“The man at the bottom of the grave opened his eyes:” Why a lead can make or break your story

I’ve spent the last couple days critiquing newspapers for a variety of institutions, during which time I’ve found one immutable truth:

Leads will make or break a story.

In most cases, people can write a solid news lead, with at least a few W’s and an occasional H in there, but when it comes to feature pieces, I find three types of leads that are horrible:

1) “Some people/Most people/Everybody/Nobody” leads: In most cases, these are straw-man leads where the author sets up the current situation with a generic statement about how “others” tend to view something. Then, the writer juxtaposes this with the source of the story doing the opposite or something quirky. Consider this opening to a story about a student journalist:

MONDOVI – Some college kids come home for summer and wait tables, paint houses or grab internships.

Nash Weiss is serving as interim editor of his local weekly newspaper, the Mondovi Herald-News.

He’s 21 years old, an incoming senior at the University of Wisconsin-Madison, where he’s studying journalism.

It’s an interesting story, but I’m bored right away as a reader. Also, it feels like I’m about to experience an infomercial or something:

(Whoever thought of this title was a marketing genius or went to work for the Pratt Tribune.)

2) “Not your typical” something or other: If I had a dollar for every profile that started with “So-and-so is not your typical college sophomore (or junior or senior or whatever),” I’d never have to work a day in my life.

Of course someone isn’t your “typical” anything if you’re doing a profile on that person. The whole point of personality profiles is to showcase someone who is special or interesting. A person who is exactly like everyone else probably isn’t really going to stand out as a profile subject. Here’s a look at a lead about someone who isn’t your “typical college sophomore:”

Santiago Gonzalez is already in his second year at the Colorado School of Mines, one of the nation’s top engineering colleges, where he has his sights set on degrees in computer science and electrical engineering.

But Gonzalez, who is 13 years old, isn’t your typical college sophomore.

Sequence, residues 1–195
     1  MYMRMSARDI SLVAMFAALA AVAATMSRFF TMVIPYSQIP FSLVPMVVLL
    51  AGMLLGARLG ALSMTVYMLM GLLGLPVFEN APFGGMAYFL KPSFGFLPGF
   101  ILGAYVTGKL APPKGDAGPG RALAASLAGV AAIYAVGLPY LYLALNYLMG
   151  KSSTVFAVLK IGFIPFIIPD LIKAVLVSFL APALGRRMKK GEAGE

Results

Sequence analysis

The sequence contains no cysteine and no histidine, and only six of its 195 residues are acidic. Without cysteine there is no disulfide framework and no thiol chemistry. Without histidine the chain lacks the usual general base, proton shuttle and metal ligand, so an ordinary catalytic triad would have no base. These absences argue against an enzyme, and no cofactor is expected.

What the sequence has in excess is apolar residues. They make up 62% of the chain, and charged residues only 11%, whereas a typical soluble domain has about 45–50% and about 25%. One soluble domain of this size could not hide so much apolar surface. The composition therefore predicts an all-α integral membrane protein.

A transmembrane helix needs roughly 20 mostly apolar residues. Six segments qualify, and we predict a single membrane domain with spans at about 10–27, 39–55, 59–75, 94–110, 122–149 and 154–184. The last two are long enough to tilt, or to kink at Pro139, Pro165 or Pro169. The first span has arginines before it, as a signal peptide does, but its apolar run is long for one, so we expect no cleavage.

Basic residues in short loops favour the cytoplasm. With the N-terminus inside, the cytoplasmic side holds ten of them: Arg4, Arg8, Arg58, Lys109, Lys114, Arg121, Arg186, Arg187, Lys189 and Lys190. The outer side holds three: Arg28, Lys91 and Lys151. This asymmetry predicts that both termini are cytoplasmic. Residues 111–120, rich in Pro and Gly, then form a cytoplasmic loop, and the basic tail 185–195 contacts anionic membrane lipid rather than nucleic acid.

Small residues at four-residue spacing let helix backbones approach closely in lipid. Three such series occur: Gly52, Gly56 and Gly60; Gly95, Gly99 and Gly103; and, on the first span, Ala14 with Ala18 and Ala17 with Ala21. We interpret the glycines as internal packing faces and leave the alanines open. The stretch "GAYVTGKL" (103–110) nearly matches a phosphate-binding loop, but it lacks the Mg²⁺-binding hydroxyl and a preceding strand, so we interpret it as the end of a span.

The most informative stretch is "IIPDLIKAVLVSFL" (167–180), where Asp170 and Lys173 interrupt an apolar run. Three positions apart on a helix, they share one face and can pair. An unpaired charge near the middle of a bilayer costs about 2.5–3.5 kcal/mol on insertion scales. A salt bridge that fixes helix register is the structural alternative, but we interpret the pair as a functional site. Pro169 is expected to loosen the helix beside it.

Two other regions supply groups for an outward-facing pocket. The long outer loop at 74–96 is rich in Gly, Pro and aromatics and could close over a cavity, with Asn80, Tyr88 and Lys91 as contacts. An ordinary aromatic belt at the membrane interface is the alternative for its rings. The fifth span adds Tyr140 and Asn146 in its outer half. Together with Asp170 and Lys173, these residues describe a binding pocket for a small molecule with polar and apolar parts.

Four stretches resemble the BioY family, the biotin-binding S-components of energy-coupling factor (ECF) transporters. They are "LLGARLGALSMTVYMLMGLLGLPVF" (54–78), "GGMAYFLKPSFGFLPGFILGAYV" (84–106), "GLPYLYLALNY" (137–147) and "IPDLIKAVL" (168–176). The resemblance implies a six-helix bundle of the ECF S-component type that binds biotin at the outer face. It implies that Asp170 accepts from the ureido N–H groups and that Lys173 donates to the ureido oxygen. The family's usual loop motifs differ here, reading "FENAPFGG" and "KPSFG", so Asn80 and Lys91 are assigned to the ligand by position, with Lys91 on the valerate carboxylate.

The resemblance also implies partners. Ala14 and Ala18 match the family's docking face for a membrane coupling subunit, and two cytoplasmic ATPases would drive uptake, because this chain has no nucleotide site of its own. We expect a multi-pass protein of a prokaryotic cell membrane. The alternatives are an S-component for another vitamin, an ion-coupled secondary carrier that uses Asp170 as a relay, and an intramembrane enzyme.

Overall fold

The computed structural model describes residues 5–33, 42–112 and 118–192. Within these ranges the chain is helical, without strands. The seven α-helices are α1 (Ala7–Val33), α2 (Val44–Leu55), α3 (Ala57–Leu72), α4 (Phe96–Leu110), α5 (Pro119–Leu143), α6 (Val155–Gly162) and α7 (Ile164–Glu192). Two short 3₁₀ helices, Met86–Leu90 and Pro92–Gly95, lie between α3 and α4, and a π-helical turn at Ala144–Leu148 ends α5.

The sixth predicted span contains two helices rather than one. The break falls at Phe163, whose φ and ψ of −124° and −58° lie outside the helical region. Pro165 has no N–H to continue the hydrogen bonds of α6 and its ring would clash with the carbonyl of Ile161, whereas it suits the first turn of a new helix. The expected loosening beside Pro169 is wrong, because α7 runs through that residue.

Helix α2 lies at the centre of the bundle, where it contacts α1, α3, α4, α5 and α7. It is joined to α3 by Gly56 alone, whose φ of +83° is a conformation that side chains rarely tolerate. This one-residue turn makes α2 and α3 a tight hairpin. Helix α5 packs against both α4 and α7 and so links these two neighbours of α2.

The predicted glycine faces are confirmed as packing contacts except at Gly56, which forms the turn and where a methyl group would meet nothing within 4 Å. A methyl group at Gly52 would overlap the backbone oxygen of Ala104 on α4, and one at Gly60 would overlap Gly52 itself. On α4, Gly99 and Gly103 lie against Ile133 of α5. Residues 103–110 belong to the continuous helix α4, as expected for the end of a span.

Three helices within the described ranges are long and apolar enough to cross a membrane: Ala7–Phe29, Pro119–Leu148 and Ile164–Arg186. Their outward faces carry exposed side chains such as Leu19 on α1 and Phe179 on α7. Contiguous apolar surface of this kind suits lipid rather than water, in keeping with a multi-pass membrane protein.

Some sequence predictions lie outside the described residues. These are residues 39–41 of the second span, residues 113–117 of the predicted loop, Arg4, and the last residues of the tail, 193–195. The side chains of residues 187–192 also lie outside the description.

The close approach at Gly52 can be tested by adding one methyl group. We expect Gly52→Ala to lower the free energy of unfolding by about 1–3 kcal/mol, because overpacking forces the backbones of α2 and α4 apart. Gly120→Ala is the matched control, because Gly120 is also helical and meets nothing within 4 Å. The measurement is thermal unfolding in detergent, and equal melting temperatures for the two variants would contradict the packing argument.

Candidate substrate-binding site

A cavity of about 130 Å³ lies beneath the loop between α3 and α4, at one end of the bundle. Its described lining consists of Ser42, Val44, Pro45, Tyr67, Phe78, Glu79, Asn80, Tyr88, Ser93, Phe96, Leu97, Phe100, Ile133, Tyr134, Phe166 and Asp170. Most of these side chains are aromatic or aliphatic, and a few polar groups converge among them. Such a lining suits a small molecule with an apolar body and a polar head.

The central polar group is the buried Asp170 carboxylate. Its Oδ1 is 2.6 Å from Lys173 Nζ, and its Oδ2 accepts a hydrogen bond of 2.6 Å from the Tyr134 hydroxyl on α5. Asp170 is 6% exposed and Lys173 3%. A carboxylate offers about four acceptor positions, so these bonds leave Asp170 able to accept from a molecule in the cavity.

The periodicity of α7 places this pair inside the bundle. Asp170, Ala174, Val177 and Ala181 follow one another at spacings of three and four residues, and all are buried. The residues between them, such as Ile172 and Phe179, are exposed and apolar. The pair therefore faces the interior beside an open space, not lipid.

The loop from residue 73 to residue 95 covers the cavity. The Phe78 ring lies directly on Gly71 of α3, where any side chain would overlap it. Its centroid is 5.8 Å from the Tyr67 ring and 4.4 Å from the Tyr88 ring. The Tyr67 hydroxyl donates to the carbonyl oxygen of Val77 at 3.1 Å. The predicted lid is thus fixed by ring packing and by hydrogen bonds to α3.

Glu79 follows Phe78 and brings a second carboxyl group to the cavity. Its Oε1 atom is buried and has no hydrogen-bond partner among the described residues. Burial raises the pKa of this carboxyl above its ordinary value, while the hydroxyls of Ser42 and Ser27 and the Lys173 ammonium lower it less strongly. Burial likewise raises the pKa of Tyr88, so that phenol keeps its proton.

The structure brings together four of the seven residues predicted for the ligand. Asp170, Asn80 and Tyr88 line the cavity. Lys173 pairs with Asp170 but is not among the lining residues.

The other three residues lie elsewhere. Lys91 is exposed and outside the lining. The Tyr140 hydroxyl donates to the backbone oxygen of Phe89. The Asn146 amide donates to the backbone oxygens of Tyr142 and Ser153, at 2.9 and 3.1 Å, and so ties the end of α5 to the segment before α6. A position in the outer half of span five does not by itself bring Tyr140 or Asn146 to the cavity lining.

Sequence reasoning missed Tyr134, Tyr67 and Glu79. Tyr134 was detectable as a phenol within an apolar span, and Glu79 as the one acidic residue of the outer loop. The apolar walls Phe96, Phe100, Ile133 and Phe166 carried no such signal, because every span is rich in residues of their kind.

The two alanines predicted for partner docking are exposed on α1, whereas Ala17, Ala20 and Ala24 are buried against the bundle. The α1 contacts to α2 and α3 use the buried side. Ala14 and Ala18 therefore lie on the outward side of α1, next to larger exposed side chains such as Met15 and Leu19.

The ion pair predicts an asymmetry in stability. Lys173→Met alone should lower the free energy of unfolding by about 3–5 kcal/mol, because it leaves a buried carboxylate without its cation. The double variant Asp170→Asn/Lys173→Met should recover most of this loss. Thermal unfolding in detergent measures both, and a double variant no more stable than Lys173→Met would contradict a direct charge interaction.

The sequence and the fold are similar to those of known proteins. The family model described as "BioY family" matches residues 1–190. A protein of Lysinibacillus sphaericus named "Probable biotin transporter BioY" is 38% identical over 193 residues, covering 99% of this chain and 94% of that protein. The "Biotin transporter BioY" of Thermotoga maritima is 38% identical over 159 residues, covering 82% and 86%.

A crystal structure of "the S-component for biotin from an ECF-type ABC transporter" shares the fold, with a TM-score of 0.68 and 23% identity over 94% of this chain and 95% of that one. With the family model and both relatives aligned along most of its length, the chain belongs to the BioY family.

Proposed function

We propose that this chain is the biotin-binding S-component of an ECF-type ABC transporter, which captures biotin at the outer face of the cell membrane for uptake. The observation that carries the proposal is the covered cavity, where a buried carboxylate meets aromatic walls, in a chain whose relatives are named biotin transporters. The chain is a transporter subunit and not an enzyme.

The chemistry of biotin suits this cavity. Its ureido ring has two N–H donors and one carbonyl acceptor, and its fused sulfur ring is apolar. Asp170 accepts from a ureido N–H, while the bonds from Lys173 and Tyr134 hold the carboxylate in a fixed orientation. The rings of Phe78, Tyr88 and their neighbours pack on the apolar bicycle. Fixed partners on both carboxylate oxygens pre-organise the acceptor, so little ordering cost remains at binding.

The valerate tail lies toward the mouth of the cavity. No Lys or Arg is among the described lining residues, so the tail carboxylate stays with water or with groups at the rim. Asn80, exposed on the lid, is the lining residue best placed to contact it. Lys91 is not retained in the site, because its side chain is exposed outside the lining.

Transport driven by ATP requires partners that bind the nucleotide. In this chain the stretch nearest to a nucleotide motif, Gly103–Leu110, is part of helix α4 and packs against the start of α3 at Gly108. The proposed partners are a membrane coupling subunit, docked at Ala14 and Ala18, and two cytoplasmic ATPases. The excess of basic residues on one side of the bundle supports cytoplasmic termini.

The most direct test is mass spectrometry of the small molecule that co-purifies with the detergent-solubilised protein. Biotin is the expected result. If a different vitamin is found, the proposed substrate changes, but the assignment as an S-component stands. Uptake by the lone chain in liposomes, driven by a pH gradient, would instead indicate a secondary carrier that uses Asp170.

Most college sophomores aren’t 13 years old, so… yeah.

Instead, tell his story, which you can find in the quotes below that lead in the story, which would further engage your readers.

3) “Imagine” leads: Unless you are writing about the John Lennon tune, you should avoid forcing your readers to imagine something. I had a student once who had an imagine-lead fetish, as he was seemingly unable to write any lead that didn’t include the word “imagine.” At that point, I told him if he wrote “imagine” in a lead one more time, I’d fail him. His next lead started this way:

Envision this scenario:

I don’t know if I felt pride in his weaseldom or amazement at how hard it was to break free of his imaginary friends. In any case, you want to avoid “imagine” leads for two reasons:

  • If something is truly imaginary, why are you writing about it in a news story or news feature? We want facts and information, not flights of fancy.
  • In most cases, the imagined thing is really true and thus should be the core of what you want to tell your readers. Therefore, instead of having someone imagine what life was like to be homeless as a 5-year-old boy, tell the story of that boy and what he really went through.

The reason I dug into leads today was that I read two narrative leads that knocked my socks off today. They came from varying sources and are of varying vintages, but they both did the one thing a lead must do: Make me care enough to want to read the rest of the story.

Start with the classic: Jacqui Banaszynski’s 1980s Pulitzer-Prize-winning series, “AIDS in the Heartland.” The series chronicles the way in which AIDS, then thought of as a disease for large cities with questionable morals, hit the Midwest. She did it through the eyes and struggles of Dick Hanson, a Minnesota political activist and farmer, who died at age 37. Although all three parts have an incredible narrative lead, the third part was the one I picked for an example here:

Dick Hanson died Saturday, July 25 at 5:30 a.m. Farmers’ time, when the night holds tight to a last few moments of quiet before surrendering to the bustle of the day.